While nutrition is of course an aspect that is important to health, food brings us together in ways that are also important to our wellbeing, such as connection, culture, satisfaction, and joy. Viewing food as a source of both pleasure and nourishment is a key part of the realization that health does not have to be so closely connected to what you eat. When you allow a wide variety of foods during meal times without strict rules attached, you have the chance to experience your own hunger and fullness cues.
Another aspect of eating intuitively involves paying attention to how a specific meal or snack impacts you physically, beyond satisfying your cravings. Taking note of how these foods or meals make you feel, in particular, if you feel nourished and comfortable after eating them, is a cornerstone of honoring your health with gentle nutrition. Though intuitive eating offers the enthralling notion that “no foods are off-limits” during meals and snacks, the process of discovering or re-discovering your natural hunger and fullness cues takes patience and time. As with any facet of nutrition, practicing gentle nutrition is not a one-size-fits-all approach, and its meaning may shift throughout various stages of your life. Tribole states in a blog post, that “Our bodies are dynamic and ever-changing: be patient & approach this practice with curiosity & compassion.”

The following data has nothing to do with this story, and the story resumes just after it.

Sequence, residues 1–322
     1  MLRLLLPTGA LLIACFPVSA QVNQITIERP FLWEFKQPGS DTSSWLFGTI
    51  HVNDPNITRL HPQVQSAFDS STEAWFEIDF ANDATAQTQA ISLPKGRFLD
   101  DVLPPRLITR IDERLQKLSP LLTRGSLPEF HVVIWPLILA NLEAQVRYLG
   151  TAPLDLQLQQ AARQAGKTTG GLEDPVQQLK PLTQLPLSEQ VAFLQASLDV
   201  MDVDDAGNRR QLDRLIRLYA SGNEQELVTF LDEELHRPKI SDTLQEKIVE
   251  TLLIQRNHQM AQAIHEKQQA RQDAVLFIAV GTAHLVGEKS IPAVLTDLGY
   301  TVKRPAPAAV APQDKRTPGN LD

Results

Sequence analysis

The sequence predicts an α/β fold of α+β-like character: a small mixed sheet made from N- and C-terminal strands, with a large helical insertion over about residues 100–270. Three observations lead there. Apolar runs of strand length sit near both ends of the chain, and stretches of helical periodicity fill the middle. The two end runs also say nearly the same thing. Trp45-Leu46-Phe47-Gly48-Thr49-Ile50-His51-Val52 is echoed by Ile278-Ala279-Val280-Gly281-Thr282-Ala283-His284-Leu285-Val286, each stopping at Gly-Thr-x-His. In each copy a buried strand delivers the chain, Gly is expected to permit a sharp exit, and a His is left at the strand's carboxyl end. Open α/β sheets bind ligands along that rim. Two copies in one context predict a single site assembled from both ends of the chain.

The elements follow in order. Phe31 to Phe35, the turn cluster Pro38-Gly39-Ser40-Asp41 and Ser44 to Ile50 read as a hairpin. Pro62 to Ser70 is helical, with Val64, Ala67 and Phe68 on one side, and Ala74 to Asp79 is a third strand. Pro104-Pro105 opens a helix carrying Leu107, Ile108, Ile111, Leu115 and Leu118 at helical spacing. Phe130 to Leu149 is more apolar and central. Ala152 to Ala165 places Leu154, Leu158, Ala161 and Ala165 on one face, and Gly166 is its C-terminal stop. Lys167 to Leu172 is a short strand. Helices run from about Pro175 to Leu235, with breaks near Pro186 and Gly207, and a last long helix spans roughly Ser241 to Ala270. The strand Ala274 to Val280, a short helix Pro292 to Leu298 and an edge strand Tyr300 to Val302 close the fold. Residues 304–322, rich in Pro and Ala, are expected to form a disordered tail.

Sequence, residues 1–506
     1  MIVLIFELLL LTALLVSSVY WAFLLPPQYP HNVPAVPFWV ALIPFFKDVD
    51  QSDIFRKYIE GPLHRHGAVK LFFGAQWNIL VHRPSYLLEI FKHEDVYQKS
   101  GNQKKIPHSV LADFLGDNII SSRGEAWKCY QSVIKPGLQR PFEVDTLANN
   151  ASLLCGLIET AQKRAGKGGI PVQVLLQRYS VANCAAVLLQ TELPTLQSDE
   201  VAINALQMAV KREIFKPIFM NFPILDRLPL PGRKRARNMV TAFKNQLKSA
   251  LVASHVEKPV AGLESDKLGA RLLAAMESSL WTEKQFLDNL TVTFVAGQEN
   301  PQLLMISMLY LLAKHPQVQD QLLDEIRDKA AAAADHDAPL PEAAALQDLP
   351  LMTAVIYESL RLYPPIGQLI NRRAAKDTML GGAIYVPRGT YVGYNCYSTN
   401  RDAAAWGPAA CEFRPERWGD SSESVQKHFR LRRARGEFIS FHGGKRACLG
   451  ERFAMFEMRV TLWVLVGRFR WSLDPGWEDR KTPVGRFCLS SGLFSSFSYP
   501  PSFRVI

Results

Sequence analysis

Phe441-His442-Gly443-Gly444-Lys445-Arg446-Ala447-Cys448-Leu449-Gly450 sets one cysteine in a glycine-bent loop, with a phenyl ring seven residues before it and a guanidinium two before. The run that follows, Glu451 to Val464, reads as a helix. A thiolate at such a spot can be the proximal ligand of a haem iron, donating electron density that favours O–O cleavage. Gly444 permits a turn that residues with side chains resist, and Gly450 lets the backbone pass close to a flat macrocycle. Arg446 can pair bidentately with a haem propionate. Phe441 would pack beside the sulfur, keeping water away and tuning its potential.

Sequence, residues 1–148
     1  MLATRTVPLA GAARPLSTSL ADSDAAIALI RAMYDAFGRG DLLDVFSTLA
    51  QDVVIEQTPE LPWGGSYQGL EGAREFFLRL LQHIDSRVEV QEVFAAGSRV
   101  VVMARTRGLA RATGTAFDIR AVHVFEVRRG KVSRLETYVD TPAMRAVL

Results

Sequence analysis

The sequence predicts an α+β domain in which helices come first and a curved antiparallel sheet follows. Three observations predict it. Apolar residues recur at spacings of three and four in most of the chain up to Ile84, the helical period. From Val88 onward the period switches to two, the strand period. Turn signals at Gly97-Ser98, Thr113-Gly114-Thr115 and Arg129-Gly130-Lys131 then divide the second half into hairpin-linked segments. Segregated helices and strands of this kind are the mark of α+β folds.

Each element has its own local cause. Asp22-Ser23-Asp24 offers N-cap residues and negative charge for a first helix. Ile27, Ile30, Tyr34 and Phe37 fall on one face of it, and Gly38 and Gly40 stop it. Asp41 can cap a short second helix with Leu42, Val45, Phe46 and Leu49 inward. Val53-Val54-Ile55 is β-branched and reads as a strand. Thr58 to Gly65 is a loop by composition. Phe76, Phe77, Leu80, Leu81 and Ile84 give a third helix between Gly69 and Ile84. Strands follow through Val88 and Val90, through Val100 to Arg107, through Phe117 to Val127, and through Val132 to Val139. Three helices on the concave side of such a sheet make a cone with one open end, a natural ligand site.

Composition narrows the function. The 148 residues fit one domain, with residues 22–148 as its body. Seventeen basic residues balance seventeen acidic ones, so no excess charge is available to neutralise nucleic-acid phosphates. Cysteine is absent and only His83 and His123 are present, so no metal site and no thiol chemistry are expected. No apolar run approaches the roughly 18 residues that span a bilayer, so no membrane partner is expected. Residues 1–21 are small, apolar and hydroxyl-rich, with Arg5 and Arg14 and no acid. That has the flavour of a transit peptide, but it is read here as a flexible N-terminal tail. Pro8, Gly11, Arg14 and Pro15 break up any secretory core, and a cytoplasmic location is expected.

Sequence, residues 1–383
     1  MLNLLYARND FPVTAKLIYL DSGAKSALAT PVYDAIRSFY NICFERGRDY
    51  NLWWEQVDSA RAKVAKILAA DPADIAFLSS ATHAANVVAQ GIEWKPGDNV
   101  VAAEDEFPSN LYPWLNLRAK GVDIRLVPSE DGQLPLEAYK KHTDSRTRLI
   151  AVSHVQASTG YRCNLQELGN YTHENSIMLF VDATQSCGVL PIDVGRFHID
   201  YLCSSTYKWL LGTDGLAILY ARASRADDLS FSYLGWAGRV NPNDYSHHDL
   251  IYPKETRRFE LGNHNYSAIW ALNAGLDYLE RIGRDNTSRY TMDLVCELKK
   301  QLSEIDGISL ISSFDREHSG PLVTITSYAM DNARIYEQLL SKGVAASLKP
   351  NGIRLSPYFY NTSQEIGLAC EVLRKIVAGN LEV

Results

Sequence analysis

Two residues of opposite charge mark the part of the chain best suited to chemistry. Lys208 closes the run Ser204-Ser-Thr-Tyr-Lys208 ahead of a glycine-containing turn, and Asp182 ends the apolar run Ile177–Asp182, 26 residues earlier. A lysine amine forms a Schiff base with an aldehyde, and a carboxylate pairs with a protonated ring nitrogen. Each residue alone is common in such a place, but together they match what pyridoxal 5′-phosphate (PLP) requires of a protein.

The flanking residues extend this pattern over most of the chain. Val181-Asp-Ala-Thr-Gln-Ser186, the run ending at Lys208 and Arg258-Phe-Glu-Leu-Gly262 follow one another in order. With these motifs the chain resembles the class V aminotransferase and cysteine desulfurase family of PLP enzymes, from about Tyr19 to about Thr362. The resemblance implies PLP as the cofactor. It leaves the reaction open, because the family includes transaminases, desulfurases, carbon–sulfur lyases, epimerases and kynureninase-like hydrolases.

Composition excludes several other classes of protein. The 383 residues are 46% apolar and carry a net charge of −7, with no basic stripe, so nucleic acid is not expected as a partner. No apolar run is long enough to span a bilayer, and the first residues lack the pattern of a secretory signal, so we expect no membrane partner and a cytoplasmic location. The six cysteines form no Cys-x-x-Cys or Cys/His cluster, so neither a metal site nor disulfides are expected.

If you think you might be ready to try intuitive eating and/or practice gentle nutrition, there are several paths to getting started. First, recognize that an overhaul in a lifetime of thoughts and behaviors surrounding dieting and body acceptance is not going to happen overnight. Preparing to practice gentle nutrition might also mean sitting with a bit of discomfort around your own fat phobic thoughts and rhetoric. For example, how likely are you to make a casual comment about someone’s weight loss, even if you phrase this as a compliment couched as a concern for health? Doing this might seem like the kind thing to do among friends or family members, but it actually perpetuates the idea that thinner bodies are more disciplined, healthier and more worthy of attention, and we know that this is untrue.